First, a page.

Analysis of Shakespeare's Sonnet 130

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The opening line of Shakespeare's Sonnet 130 is a surprising simile: 'My mistress' eyes are nothing like the sun'. We might normally expect poets, especially those of Shakespeare's time, to praise the women they love by telling us that their eyes do shine like the sun. But a writer of Shakespeare's calibre is not going to follow the herd and make exaggerated comparisons; here he is describing reality.
Over the next few lines Shakespeare continues to describe his mistress in terms of the senses of sight, smell, sound and touch, but there is no flattery here. Colours are focused on first: 'Coral is far more red than her lips' red' tells us that lips are not naturally a bright red colour. Pale skin would have been sought after, but Shakespeare's mistress had dun-coloured breasts, dun being quite a dark colour. It seems that she did not have soft, sleek hair, as in line four it is compared to wire. Shakespeare relates that he has seen beautiful two-toned or 'damasked' roses, but that there is no rosiness in his mistress' cheeks.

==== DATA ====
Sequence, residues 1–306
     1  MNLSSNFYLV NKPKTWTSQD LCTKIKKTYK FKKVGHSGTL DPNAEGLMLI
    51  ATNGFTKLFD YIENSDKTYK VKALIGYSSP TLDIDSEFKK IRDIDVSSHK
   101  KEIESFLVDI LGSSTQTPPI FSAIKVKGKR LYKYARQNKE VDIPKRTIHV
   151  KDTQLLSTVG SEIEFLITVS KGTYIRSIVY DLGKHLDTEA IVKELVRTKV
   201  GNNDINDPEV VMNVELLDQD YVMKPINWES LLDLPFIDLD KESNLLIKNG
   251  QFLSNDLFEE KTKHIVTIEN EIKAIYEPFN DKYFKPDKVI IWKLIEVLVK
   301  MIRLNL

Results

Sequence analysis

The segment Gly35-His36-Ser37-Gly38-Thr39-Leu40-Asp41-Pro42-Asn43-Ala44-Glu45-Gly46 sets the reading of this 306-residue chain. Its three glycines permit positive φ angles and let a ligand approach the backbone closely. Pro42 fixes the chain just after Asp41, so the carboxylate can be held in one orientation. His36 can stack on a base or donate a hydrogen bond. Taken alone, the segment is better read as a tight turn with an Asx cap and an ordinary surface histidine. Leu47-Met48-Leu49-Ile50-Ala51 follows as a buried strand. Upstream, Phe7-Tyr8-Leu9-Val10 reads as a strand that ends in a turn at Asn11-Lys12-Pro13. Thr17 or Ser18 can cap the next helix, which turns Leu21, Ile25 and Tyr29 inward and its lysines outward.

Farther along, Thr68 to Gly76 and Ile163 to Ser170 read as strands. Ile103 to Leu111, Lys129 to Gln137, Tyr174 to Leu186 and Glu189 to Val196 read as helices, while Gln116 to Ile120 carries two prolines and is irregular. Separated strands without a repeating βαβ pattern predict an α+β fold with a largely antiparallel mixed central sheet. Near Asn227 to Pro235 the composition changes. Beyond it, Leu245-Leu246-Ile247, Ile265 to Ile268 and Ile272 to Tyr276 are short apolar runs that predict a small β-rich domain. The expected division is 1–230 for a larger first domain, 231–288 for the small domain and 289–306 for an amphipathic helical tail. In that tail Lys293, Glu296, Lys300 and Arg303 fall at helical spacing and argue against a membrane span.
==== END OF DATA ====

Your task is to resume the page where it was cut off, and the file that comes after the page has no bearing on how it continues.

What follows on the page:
The poet is quite forthright in telling us that his mistress has bad breath; in fact it 'reeks', and there is no hint of perfume. Line nine gives the first compliment: 'I love to hear her speak', but Shakespeare admits in the following line that he would actually prefer music to her voice. In line eleven Shakespeare implies that the way his mistress moves could not be compared to a goddess, and he goes on to say 'My mistress when she walks treads upon the ground', creating the impression that she is heavy-footed.
Sonnet 130 follows that usual structure of the Shakespearean sonnet, with the last two lines being a rhyming couplet, indented. This change marks a change in content too: Shakespeare says that in spite of all the defects, he genuinely loves his mistress: 'I think my love as rare / As any she belied with false compare.' Appearances are…...

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